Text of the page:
For the squat, a lot of lifters and coaches use “stay tight”, “knees out”, “big chest”, “big breath”, “stand up tall” and “control”. For the bench press you’ll hear “stay tight”, “back towards me”, “elbows in”, “big breath” and for the deadlift you’ll hear “stay tight”, “keep it close”, “hips through”, “stand up tall” and many more cues (some which involve extreme cursing, haha!) allowing the lifter to focus on certain aspects of the lift. It’s important to find which cueing works for you and apply it daily to your lifting to add consistency and focus.

 

6. Learn to control your nerves

Controlling your nerves during a competition is easier said than done but is a definite must.

It’s perfectly normal to be nervous during your first competition but there are different ways for you to think in order to calm your nerves. When you’re in competition, all eyes are on you. Just think they’re always on you, even when you’re training in the gym and it’s no different. 

Envision yourself training in the gym and technically you’re doing the exact same thing, just in a different setting. Also, similar to public speaking, try not to look directly into anyone’s eyes, find a focal point and keep your eyes on that point the entire lift. The worst that can happen is you miss a lift; just think you have two more goes at it and you’ll get the next one. You’ll notice after the first squat is out of the way, your nerves will settle almost immediately and it’ll be game time.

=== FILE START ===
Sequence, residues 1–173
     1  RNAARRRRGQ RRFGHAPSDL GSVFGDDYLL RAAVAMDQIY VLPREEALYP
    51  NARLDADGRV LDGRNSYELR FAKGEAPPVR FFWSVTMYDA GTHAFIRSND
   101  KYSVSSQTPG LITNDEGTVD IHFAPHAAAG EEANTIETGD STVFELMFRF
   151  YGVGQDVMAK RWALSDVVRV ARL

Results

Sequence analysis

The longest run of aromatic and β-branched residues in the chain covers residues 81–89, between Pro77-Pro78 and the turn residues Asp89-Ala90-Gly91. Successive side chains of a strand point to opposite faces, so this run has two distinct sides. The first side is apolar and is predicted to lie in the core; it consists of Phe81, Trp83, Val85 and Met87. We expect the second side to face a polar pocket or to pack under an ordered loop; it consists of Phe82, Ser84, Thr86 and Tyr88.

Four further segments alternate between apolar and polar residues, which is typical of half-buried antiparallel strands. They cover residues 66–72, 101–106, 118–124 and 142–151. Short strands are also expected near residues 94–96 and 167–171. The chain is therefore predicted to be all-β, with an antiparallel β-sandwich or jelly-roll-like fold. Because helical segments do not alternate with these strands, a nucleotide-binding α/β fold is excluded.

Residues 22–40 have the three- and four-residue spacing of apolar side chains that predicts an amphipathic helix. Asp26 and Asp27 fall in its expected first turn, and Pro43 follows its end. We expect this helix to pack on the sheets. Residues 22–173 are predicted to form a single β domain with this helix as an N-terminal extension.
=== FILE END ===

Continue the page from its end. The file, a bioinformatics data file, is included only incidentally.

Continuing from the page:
Practice these steps and you’ll be in the zone without having extreme nerves hindering your lifting.

 

7.  Exude confidence

Being confident in your lifting is the single and most important factor, not only in training but in competition.

If you don’t believe you can pick up that last deadlift, you probably won’t. 

It’s important to always envision yourself lifting the weight beforehand and believing you are going to drill the lift with 3 white lifts. Thinking positively will give you the courage and power to put 100% effort into the lift where you will be more likely to get the lift. Always ensure you’re reinforcing the fact that you will get the lift, be confident and it will show.

 

8. Avoid having a negative mindset

Sometimes competitions don’t always go as planned and we tend to beat ourselves up. Fact of the matter is it doesn’t make you a shitty lifter. 

Don’t ever think that.

It’s too often something feels heavy and we miss an attempt or worse bomb a competition and think “well maybe this isn’t for me”. Well maybe it isn’t and maybe it is. It’s your choice how you decide to look at the situation. You can give up and call it quits because you had a bad day or you can look at it as an opportunity to grow and come back more prepared and that much stronger. Don’t beat yourself up over a poor performance. We’ve all been there – it’s a part of the process. This is what separates the weak from the strong.

 

About the author

Twenty-three-year-old Alyssa Smith has been an elite powerlifter since the age of 16. She has provincial, national, and unofficial world records (WPC, CPF, CPU, IPF). Her best numbers are a 440lbs squat, 225lbs bench and a 507lbs deadlift. She graduated from Algonquin College, Health & Fitness Promotions with honours and works as a personal trainer (CSEP/Canfit). 

           


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1 comment

  • This is exactly what I needed to read! Meet is on Saturday!!

    • Michelle Gillett